The Affordable Care Act: Implications for Clinical Practice and Research
In "What Does the Affordable Care Act Actually Do?," presented by Ivor Douglas, MD, Associate Professor, University of Colorado Denver, Chief, Pulmonary Sciences and Critical Care Medicine Director, Medical Intensive Care, Denver Health Medical Center, at the ATS 2013 International Conference, Dr Douglas noted that fundamental issues driving the Affordable Care Act (ACA) include access, quality, and cost. Currently, statistics show between 40 and 50 million Americans remain uninsured. Dr Douglas said that it's not just patients who are frustrated, but the providers and hospitals. With that in mind, healthcare reform is intended to increase access for 310 million people, reduce healthcare costs, and improve quality in various aspects including extending life expectancy, lowering infant mortality rates, and lowering chronic disease by age. The reform is also slated to expand primary care and offer more preventive services.
Dr Douglas said that while various ACA initiatives have been in place since 2010, the bulk of those efforts will be employed within the next 10 years. In fact, he argues we are on the cusp of a few major components of implementation including state insurance exchanges, essential health benefits packages, and the individual mandate to purchase health insurance. Dr Douglas said one the most significant and largest changes, however, will be Medicaid expansion as it an important factor for uninsured Americans. In the ACA era, Medicare is projected to cover 50 million people aged 65 years and older, as well as younger adults with disabilities.
Dr Colin Cooke from the Michigan Center for Integrative Research in Critical Care, followed Dr Douglas in questioning, "Will Covering More People Remedy Disparities in Access and Outcomes of Care?" Of those millions of uninsured Americans, most are in the low to moderate income bracket, which makes them unable to afford insurance while also being ineligible for public programs. A lack of health insurance can mean reduced access to care, greater economic hardship, and negative health outcomes. Subsequently, Dr Cooke asked, "Does providing insurance to an uninsured individual improve these outcomes?" One study of a Medicaid program in Oregon definitively answered yes. It showed that when provided insurance, patients were protected from "catastrophic financial loss," saw an improvement in quality of life as well as peace of mind, and increased their access to beneficial health services. Nevertheless, Dr Cooke notes while it is likely the ACA will improve health outcomes, longer-term data is needed, and the overall improvement may not be as nearly much as anticipated. After all, insurance is just one small factor that contributes to efficient healthcare outcomes.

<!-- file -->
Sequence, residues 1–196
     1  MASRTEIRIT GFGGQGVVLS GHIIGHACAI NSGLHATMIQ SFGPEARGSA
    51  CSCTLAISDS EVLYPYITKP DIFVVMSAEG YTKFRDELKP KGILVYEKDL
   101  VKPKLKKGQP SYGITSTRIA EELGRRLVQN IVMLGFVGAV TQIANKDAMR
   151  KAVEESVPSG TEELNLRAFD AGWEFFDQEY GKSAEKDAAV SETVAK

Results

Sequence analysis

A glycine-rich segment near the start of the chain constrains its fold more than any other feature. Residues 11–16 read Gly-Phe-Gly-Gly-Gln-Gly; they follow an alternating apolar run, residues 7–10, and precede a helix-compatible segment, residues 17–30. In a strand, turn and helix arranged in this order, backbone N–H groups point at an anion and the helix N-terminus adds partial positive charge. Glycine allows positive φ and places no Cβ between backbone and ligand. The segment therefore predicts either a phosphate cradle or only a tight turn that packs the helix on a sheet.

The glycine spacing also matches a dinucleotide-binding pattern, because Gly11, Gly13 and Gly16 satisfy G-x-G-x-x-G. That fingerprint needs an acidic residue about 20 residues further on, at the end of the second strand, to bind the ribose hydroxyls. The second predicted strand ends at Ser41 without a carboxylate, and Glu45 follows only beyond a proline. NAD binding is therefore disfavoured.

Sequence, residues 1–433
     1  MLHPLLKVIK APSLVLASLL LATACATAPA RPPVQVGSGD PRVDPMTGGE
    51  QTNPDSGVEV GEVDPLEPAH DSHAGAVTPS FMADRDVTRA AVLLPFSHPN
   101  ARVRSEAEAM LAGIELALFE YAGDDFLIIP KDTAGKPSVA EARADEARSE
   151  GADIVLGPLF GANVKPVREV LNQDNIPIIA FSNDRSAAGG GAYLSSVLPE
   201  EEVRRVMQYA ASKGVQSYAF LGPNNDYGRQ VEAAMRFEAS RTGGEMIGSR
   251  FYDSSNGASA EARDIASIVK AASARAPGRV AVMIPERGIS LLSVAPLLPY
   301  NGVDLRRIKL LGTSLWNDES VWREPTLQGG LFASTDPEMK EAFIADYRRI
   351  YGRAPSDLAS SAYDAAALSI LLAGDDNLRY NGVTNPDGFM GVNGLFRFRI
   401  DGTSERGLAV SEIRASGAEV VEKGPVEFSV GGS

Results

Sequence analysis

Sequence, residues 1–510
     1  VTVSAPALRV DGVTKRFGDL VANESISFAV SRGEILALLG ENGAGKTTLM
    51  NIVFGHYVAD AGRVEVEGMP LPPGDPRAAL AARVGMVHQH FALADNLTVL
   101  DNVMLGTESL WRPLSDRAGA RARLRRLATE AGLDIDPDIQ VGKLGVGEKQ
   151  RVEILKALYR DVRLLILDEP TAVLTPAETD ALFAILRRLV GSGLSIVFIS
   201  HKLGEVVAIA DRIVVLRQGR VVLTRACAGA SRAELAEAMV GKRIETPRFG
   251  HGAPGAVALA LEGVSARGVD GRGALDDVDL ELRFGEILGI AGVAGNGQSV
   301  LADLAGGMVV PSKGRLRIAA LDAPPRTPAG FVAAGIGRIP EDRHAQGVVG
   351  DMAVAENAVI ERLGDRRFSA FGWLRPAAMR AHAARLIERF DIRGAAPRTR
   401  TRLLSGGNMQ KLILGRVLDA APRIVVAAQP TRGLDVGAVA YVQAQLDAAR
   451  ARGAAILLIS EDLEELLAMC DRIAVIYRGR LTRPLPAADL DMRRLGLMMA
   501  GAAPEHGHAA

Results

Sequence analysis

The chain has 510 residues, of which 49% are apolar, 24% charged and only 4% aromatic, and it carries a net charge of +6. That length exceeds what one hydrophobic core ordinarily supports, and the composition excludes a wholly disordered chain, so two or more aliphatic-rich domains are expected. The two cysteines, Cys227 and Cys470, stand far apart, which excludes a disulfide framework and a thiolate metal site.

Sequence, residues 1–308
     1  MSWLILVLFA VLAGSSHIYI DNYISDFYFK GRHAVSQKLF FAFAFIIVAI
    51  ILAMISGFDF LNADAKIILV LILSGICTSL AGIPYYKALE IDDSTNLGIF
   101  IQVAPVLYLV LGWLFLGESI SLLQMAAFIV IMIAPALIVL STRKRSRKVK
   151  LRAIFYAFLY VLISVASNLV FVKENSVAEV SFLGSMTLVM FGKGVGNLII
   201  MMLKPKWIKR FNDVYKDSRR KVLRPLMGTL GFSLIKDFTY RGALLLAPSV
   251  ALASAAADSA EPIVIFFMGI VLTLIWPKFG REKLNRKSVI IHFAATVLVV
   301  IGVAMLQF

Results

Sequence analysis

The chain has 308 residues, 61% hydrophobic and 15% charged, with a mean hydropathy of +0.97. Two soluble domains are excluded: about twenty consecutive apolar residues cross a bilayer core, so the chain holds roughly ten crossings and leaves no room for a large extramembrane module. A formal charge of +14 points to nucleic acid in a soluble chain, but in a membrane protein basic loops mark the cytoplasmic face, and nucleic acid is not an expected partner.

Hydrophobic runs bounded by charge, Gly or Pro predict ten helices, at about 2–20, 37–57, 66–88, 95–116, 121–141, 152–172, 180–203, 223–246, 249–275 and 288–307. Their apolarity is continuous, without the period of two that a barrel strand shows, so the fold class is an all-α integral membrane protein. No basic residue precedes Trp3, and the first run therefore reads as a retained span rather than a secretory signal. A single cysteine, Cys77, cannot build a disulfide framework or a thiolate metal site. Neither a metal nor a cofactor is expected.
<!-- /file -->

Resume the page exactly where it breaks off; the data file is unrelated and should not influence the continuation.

In "How Will the ACA Impact the Daily Lives of Clinicians in Pulmonary Critical Care, and Sleep Medicine: Lessons from Abroad," Dr Robert Fowler, Sunnybrook Hospital, University of Toronto, discussed that healthcare and critical care in the United States costs $2.7 trillion each year. This is significantly higher than most other countries, as various data shows the US consistently has higher costs for drugs, higher costs for diagnostic imagining, and higher spending in physicians' incomes. As Dr Cooke discussed the importance of insurance coverage, Dr Fowler agreed that insurance is a crucial factor in healthcare. This is because uninsured patients are much less likely than those with private/commercial insurance to receive critical care services. However, the uninsured also may be more likely to require critical care because they do not seek professional advice before health situations are serious in nature. Overall, Dr Fowler says greater expenditures do not equate to quality healthcare. Improving access to healthcare for greater coverage will likely be beneficial for health. While many Americans remain uninsured, increasing coverage may not guarantee increased quality of care across the population.